Codabar is a
linear barcode symbology developed by Pitney Bowes Corp in 1972.
It and its
variants are also known as Codeabar, Ames Code, NW-7, Monarch,
Code 2 of 7, Rationalized Codabar, ANSI/AIM BC3-1995, or USD-4.
Although Codabar has
not yet registered U.S. federal trademark status, its hyphenated
variant, Code-a-bar, is.
The Codabar barcode
is a linear barcode that is widely used wherever serial numbers
are required. The Codabar is designed to be read accurately even
when printing multi-part forms such as FedEx air waybills and
blood bank forms on dot matrix printers. As of 2007 Variations
of these tables are still in use. Although newer symbologies
contain more information in smaller spaces, Codabar has a large
installed base in libraries.
Codabar codes can
even be printed using a typewriter-like impact printer, allowing
many codes with consecutive numbers to be created without the
use of computer equipment. Each time a code is printed, the
printer's imprint mechanically advances to the next number, like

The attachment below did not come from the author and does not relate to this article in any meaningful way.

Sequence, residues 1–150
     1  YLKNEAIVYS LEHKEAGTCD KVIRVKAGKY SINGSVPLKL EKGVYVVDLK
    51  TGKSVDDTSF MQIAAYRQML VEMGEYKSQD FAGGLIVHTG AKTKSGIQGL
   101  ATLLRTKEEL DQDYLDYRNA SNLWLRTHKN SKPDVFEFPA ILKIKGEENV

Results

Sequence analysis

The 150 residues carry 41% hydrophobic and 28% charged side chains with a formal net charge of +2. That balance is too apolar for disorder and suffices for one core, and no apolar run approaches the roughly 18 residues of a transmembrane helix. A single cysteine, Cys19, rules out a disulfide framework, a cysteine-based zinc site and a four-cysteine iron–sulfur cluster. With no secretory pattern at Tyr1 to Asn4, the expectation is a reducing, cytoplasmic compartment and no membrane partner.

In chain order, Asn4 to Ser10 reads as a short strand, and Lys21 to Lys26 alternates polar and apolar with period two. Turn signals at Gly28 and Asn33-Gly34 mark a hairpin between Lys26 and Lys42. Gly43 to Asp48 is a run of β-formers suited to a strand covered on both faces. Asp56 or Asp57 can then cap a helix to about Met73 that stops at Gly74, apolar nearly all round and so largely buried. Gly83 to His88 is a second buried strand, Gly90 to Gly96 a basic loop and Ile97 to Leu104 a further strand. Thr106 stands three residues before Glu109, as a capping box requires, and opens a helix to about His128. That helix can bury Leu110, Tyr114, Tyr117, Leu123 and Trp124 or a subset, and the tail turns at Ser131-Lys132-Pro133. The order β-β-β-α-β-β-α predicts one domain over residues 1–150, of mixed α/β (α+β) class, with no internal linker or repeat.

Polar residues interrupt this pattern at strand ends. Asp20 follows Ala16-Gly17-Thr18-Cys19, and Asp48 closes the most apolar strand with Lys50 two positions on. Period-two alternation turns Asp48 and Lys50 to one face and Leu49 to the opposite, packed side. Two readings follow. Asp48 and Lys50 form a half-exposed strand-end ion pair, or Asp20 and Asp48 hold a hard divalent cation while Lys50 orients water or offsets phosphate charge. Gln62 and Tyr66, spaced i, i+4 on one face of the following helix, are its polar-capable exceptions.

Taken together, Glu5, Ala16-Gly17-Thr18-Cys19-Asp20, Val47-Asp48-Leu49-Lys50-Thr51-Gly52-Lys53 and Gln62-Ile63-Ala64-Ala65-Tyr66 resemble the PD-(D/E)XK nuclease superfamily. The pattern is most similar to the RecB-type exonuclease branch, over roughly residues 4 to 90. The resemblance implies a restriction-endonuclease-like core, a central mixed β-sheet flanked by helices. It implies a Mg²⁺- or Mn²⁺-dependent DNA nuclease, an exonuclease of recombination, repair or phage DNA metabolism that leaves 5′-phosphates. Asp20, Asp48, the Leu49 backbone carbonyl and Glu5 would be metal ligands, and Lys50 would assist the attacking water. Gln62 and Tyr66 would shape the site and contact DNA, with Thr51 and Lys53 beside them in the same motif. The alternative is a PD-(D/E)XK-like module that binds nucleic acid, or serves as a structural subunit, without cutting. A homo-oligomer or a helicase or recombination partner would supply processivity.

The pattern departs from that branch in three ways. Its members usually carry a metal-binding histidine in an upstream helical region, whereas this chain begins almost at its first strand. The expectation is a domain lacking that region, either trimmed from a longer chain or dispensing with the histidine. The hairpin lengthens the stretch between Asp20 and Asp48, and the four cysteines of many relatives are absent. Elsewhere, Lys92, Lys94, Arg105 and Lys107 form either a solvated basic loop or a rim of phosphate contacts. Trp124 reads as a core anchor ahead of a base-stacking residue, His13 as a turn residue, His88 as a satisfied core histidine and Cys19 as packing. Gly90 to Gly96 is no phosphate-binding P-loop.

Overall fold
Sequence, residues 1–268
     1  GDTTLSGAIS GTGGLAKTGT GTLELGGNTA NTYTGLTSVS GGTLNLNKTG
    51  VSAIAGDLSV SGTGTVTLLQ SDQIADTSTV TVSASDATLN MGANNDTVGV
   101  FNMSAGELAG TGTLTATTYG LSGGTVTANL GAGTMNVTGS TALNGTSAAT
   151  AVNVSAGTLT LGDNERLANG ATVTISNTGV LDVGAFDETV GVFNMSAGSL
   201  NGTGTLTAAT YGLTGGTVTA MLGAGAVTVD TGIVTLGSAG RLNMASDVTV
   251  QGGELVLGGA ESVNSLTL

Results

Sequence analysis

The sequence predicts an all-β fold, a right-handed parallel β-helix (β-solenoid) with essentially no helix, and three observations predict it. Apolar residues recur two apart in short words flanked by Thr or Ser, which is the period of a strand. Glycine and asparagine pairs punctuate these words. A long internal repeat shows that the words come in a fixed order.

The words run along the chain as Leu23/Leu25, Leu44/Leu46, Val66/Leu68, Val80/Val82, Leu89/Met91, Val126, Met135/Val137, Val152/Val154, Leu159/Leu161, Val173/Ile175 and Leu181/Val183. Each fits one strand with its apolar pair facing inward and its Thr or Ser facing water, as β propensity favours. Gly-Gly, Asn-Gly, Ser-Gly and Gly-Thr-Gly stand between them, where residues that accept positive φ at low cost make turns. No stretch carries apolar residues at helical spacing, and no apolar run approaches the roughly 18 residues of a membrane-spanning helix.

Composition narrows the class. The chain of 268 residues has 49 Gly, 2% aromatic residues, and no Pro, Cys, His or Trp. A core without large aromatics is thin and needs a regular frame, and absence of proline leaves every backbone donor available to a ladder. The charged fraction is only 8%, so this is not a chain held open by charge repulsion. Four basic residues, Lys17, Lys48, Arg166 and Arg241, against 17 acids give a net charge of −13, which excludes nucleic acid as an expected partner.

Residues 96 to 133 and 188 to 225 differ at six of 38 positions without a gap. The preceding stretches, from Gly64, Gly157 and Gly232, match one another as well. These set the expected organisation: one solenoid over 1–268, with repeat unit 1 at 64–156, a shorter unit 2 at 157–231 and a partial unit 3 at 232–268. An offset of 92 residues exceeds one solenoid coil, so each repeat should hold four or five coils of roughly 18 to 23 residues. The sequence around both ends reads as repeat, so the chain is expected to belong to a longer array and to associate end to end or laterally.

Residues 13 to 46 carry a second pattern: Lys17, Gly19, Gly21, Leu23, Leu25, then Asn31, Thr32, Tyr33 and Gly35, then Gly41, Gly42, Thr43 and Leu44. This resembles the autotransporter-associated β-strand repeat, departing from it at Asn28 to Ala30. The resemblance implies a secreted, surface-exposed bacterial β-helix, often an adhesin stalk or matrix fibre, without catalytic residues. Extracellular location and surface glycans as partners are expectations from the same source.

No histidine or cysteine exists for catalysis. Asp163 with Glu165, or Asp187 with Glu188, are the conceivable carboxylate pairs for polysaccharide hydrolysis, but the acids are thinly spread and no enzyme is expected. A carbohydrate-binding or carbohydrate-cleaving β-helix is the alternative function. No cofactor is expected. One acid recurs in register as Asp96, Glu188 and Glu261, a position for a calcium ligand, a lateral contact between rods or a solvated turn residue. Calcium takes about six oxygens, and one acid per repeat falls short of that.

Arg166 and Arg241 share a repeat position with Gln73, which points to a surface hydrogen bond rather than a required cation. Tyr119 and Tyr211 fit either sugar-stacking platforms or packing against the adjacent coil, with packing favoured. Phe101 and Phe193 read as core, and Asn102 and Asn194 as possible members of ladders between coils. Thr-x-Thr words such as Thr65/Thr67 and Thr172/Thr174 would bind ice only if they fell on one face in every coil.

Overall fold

a mechanical mileage counter.
Codabar has 4 bars
and 3 spaces (total 7 cells), each narrow or wide width
represents a character (letter). 7 bars and spaces represent one
character. It contains a 20-bit character set: the numbers
"0-9", the four English capital letters A, B, C, and D, and 6
special characters ("-", ":", "/", ".", " +", "$"). There is any
one of A, B, C or D (a, b, c or d) at the beginning and end of
the barcode (start/terminator).
It consists of 20
character sets, including the numbers "0-9", the four English
capital letters A, B, C, and D, and 6 special characters ("-",
":", "/", "." , "+", "$").
It uses 4 bars and 3
spaces (a total of 7 cells) to represent a character, and each
bar or space can be narrow or wide.
It uses asterisk (*)
as start and end characters.